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I've relapsed ..

 

 

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Many people who quit smoking relapse at some point. Don’t be put off trying again. The key is to learn from what went wrong so you’re more likely to succeed next time.

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Be positive.  Believe in yourself.

 

If you do relapse, don't be hard on yourself. It can sometimes take a few attempts to quit smoking for good.

 

The more times you try to quit, the better your chances of success. So, look on a relapse as ‘practice’ for stopping smoking.

 

Preventing relapse

 

Why is it that some smokers who quit fall off the wagon?

 

The main reason is giving in to cravings. These are powerful urges to smoke, often triggered by things such as stress or emotional events such as arguments. Nearly three quarters of all quitters who relapse do so in the presence of people who are smoking. 

 

Untreated cravings often result in lapses

 

If you can control your cravings for a cigarette, you’ll boost your chances of quitting. Most effective is a combination of behavioural changes and NRT/stop smoking medicines. This approach can double your chances of quitting successfully compared to willpower alone.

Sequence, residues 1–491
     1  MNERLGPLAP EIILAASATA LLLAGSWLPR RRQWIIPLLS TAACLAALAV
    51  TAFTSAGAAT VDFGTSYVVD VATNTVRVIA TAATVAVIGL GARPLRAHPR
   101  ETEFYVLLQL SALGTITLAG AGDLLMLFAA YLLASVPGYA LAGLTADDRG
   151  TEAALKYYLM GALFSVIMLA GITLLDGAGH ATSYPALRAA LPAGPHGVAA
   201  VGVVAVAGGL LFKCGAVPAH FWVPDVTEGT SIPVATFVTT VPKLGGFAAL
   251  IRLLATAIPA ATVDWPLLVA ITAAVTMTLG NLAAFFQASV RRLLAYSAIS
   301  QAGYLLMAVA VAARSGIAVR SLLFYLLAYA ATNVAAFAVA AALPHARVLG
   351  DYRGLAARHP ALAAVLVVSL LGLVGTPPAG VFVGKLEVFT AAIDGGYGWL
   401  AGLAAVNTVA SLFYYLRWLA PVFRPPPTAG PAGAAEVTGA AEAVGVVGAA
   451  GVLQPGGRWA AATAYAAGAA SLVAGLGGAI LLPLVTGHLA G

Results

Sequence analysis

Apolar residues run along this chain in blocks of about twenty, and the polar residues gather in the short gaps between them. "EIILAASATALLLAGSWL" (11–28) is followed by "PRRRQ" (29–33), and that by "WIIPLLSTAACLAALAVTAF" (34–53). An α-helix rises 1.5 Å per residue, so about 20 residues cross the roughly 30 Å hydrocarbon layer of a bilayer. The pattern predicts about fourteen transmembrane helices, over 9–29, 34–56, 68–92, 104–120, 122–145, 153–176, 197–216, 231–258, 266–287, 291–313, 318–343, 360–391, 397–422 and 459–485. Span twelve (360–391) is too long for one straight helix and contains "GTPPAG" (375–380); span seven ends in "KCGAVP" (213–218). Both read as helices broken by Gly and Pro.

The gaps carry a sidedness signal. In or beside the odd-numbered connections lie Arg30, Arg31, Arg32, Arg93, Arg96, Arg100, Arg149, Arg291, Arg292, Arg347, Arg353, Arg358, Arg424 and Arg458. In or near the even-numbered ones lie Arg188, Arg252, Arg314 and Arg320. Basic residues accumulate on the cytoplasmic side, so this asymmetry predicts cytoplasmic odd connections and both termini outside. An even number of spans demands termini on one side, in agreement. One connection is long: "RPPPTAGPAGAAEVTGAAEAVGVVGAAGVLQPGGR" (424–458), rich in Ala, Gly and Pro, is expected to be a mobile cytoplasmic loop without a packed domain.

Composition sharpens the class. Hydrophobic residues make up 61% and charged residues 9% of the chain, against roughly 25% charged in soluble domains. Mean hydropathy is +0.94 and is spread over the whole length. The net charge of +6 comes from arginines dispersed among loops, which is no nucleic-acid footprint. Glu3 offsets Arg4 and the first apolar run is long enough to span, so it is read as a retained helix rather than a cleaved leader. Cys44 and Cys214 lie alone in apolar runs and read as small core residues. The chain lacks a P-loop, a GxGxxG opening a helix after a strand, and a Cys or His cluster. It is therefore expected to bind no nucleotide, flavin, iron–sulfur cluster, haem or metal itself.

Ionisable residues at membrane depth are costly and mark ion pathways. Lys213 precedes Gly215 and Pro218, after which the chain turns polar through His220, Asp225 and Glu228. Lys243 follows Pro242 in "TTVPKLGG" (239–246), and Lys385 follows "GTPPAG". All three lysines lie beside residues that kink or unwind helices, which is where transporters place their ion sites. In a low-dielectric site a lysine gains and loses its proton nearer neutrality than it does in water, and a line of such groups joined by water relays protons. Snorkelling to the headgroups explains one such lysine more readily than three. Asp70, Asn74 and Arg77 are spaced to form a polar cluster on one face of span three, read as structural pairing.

Help for relapse

 

The risk of relapse is highest in the first few weeks after quitting. However, some people can relapse months or even years after stopping smoking.

 

Don't despair if you relapse. You can still avoid a full relapse. Remind yourself why you want to quit. Then take control again and continue with your quit attempt.

 

Make it hard to smoke. Avoid places where you can easily ask someone for a cigarette .. and don’t buy any. 

 

Stay strong. If you’re tempted to smoke, force yourself to wait two hours. Then decide if you really need a cigarette. 

 

Keep taking any prescribed stop smoking medication or NRT. It can help you get back on track if you’ve relapsed and are back to regular smoking.

 

Don’t become despondent. Set a new quit date .. perhaps for one week's time. 

 

Learn from your mistakes. What caused you to slip up? Think of ways you could have avoided smoking. Work on your coping skills so you’re prepared next time you’re in the same situation. Talk to your stop smoking advisor if you need more help to cope with cravings in your next quit attempt.

 

Stay positive. Remember, you’ll be stronger next time because you’ll know what to look out for.

 

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